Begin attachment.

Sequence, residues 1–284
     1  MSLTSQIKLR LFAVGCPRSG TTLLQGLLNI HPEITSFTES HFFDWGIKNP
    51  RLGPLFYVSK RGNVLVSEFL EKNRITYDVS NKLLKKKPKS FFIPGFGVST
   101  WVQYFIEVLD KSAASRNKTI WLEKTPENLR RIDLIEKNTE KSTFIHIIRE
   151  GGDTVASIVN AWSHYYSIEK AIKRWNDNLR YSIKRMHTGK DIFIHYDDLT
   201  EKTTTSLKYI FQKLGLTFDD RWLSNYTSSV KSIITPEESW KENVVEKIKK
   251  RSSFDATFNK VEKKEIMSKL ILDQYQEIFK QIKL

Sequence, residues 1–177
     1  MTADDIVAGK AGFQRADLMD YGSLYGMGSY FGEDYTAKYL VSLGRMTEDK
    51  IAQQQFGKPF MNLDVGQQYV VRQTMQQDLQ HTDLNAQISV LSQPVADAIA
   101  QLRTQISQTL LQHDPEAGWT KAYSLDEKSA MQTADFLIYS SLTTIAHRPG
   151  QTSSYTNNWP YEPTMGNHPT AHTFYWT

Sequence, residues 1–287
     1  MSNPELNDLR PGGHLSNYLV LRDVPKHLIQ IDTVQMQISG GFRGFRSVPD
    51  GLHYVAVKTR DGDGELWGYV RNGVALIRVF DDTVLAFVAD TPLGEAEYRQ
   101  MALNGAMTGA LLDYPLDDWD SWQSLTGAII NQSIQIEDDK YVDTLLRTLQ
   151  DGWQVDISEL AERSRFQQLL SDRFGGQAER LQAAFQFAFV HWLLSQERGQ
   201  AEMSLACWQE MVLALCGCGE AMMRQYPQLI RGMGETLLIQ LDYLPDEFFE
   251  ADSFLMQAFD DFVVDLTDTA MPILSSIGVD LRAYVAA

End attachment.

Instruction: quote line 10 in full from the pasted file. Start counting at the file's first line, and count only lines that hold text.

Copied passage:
    51  IAQQQFGKPF MNLDVGQQYV VRQTMQQDLQ HTDLNAQISV LSQPVADAIA